Wise mathematicians are never satisfied with merely finding the answer to a problem. If they decide to put effort into solving a math puzzle, then they are determined to milk every drop of knowledge they can get from that problem. When mathematicians find an answer, they always go back and think about the problem again.
- Is there another way to look at it?
- Can we make our solution simpler or more elegant?
- Does this problem relate to any other mathematical idea?
- Can we expand our solution and find a general principle?
Homeschooling with Math Anxiety
As math teacher Herb Gross says, “What’s really neat about mathematics is that even when there’s only one right answer, there’s never only one right way to do the problem.”
And other times, when you think there is only one right answer, your children may surprise you. I found this out when playing a pre-algebra puzzle game with my daughter: “What number am I? If you take away one fourth of me and then add two, you get 17.”
I was surprised when her answer didn’t match mine. In fact, it was triple the answer that I expected!
I asked my daughter, “How did you figure it out?” and discovered that the answer depends on how you understand the words in the question. When you “take away one fourth”, are you taking it as your own share, or are you throwing it away and keeping the rest? I saw subtraction as the latter, but my daughter thought the first way, as if she had taken a share of pizza.
Let this be a warning: If your child’s answer is not the same as yours, don’t automatically assume she is wrong! Language is a complicated thing, and even a math problem may be open to different interpretations.
But if you think like a mathematician and ask the right questions, you’ll learn something new.
Thinking like a Mathematician
School textbooks only ask questions for which they know the answer. When homeschoolers learn to think like mathematicians, we will ask a different type of question.
Try asking your children (and encouraging them to ask) questions to which you don’t know the answer, questions like:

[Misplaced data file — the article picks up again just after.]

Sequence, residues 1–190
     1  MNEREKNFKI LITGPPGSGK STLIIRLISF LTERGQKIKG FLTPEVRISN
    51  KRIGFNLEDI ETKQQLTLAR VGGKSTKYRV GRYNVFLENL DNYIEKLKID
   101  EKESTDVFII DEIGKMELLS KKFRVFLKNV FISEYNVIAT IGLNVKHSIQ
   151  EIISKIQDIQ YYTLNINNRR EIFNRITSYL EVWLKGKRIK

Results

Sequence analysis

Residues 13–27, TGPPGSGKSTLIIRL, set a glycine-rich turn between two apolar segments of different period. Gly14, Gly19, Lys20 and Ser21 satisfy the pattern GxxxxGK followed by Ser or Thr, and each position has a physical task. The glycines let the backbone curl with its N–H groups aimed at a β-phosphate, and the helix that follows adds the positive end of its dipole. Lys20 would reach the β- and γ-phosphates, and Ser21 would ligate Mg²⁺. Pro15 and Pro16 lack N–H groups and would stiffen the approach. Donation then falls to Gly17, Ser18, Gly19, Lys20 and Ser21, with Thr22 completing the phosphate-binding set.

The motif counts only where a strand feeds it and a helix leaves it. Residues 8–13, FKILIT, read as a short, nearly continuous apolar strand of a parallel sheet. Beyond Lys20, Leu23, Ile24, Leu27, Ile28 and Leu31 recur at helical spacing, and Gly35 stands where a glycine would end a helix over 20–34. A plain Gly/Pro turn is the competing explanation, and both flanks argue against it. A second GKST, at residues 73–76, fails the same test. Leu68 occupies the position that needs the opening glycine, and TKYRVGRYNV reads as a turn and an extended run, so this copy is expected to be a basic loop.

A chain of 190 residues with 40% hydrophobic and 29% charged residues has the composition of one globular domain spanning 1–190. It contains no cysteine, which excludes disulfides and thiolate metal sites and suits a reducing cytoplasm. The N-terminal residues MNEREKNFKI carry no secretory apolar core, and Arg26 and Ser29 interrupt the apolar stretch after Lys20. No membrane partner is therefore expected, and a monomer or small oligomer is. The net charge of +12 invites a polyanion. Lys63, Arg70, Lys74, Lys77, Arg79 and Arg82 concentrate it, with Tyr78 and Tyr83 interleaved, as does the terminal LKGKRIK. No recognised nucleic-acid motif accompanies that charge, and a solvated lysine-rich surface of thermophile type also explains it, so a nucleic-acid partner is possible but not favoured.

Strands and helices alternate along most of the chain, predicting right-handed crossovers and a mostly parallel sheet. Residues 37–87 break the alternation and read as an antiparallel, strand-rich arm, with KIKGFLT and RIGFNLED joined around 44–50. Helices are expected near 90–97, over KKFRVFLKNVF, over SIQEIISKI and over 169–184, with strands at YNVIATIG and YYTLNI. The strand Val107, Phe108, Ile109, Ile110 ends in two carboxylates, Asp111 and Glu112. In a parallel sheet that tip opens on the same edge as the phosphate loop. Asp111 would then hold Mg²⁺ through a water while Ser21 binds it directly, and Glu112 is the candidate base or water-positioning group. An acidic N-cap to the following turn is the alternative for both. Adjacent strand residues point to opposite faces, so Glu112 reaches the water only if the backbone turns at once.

- What do you think?
- What do you notice?
- What do you wonder?
- What does it remind you of?
- Is there another way to look at it?
- Will this always be true?
- If it’s only true sometimes, what are the conditions that make it true? And what conditions make it false?
- Could part of it be true, and part of it be false?
- If this is false, then is something else true?
- Can you predict what will happen next?
- How did you figure that out?
- Is there a pattern?
- Will the pattern continue, or will it run out?
- How can we be sure?
- How would you change it?
- What would happen if ___?
As your children try to put their thoughts into words, keep in mind this truth:
Most remarks made by children consist of correct ideas very badly expressed. A good teacher will be very wary of saying ‘No, that’s wrong.’ Rather, he will try to discover the correct idea behind the inadequate expression. This is one of the most important principles in the whole of the art of teaching.
Don’t worry if you can’t find the answers to all of the questions you or your children ask. Some mathematical questions have taken centuries to answer and led to entirely new branches of study. In the quest of learning math, wondering can be its own reward.
In a new blog post, Christopher Danielson warns us about a question to avoid and suggests a great one to ask instead:
CREDITS: Photo (top) by walknboston via flickr (CC BY 2.0). This post is the second of three in my Homeschooling with Math Anxiety Series, which is an excerpt from Let’s Play Math: How Families Can Learn Math Together and Enjoy It.
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